“Fallout 76 is my ‘chillout’ game. The Photo Mode is basic in terms of features… but it’s very easy to use. I’ve been taking photos with it pretty much every day since launch and it feels like second nature now.”
ZeroFoxFK’s Fallout 76 character has proven popular with their fans and “rules the roost” when it comes to their Twitter account. When asked about how this has helped them express themselves, they said the following:
“Having a popular character has helped a lot. As a very socially anxious and shy person in real life, it helps… She’s outgoing and fun and I put a lot of personality in her. I guess there is some escapism there.”
Every aspect of Content Creation is becoming monetized in today’s society. Virtual Photography is no different. So, I asked about their thoughts on this!
“ When it comes to the monetization side of things, I see that others sell their screenshots. I just don’t know. Maybe there’s a market for that. I also think I could do artwork based on my screenshots.”
On the whole, though, it all boils down to enjoyment for ZeroFoxFK. They enjoy Virtual Photography and isn’t that ultimately what it should be about?
Finally, I asked if there was anything they would like to say to people who don’t consider Virtual Photography a legitimate counterpart to Traditional Photography?
“Photography is Art, and Art is subjective.”
ZeroFoxFK believes that the lines between Virtual Photography and Traditional Photography are becoming blurred. The increased realism in Virtual Worlds and Photo Mode Options become more detailed and mindful of traditional techniques are a testament to this viewpoint. They believe whole-heartedly that Virtual Photography is a legitimate counterpart to Traditional Photography. The opportunity to capture the impressive man-made worlds that are appearing should be encouraged. The creation of a new kind of art should be encouraged.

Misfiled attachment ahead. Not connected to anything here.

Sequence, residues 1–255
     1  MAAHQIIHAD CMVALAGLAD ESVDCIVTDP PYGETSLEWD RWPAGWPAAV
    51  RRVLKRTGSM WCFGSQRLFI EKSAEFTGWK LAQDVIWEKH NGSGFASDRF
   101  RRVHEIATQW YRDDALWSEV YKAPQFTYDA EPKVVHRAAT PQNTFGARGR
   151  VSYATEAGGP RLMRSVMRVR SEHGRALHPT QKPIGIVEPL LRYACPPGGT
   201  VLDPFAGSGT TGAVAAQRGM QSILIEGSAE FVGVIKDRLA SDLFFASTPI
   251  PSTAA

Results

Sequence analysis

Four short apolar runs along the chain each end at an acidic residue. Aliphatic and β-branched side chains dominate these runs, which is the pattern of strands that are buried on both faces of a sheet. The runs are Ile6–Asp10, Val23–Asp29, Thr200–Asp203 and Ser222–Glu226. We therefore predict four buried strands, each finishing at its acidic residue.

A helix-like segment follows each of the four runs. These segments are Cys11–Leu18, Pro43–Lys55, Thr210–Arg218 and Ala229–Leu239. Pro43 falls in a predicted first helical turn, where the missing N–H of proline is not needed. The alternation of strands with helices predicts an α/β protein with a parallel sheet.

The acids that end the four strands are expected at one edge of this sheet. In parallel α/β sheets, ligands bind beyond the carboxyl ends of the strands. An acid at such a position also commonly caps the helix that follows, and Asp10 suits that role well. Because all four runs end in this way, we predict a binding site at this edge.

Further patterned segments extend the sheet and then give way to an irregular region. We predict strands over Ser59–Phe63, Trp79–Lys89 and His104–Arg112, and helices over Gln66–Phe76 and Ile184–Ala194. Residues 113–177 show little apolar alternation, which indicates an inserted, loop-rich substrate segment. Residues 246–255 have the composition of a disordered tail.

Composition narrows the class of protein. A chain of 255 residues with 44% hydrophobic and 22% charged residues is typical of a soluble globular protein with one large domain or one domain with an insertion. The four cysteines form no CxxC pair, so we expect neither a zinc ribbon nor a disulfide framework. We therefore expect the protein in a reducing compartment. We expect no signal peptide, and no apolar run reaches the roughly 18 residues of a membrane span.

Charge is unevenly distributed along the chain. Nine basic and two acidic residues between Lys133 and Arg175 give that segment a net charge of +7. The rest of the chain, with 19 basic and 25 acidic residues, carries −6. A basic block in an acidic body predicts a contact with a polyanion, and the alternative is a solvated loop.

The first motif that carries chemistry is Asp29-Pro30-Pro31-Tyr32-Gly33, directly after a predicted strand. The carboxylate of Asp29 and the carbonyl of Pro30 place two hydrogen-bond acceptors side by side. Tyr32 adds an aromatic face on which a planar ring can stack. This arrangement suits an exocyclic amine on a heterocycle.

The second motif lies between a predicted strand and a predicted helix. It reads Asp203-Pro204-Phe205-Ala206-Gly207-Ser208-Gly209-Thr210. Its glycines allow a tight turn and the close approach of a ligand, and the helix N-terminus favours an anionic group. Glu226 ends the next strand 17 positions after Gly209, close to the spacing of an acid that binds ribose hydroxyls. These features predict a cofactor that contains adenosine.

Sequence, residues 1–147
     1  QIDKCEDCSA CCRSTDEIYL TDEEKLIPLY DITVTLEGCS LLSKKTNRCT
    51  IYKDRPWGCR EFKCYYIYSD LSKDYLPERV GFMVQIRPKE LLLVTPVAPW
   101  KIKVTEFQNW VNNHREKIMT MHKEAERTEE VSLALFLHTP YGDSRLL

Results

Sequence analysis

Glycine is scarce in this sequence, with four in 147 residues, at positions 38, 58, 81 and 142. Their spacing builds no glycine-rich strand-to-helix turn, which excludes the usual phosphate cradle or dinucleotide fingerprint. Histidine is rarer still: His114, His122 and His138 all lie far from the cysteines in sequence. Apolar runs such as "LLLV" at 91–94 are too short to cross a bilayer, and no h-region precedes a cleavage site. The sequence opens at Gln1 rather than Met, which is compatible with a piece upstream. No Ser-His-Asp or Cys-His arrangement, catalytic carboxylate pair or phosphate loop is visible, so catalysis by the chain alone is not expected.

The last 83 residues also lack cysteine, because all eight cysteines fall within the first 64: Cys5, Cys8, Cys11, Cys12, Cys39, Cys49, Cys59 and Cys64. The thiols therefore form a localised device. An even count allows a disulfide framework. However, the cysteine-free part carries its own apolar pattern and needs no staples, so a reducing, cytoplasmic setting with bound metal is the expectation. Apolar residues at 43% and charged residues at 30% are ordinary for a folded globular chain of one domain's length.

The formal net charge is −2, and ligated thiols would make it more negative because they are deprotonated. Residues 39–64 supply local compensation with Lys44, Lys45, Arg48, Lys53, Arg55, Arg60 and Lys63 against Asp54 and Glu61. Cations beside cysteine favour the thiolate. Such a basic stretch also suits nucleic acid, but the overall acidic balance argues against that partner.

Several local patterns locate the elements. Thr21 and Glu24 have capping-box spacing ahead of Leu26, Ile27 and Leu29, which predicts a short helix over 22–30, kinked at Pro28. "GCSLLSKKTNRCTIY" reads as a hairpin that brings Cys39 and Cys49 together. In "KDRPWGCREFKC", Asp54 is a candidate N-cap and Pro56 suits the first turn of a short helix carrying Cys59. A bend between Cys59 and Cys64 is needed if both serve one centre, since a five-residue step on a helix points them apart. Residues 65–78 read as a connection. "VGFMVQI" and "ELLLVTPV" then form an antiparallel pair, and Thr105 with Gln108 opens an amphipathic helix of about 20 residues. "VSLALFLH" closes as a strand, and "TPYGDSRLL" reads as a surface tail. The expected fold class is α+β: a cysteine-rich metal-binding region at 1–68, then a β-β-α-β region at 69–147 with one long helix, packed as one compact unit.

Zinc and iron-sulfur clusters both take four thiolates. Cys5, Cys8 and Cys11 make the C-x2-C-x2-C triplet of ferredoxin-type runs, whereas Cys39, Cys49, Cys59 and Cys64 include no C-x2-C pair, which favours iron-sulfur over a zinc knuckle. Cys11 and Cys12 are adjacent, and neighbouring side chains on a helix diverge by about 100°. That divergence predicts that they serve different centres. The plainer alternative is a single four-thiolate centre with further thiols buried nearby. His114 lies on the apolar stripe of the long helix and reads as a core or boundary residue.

I am inclined to agree with ZeroFoxFK. As they said, every aspect of Traditional Photography, bar the physicality of the camera, can be replicated virtually. It would be naive to consider Virtually Photography anything but an equivalent field. Some of the things captured in-game may not be from this world, but that doesn’t make them any less real.
I hope this has offered an exciting insight into the world of Virtual Photography and Virtual Photographers. Keep an eye out for the next installment of Through The Virtual Lens for another discussion with a talented Virtual Photographer.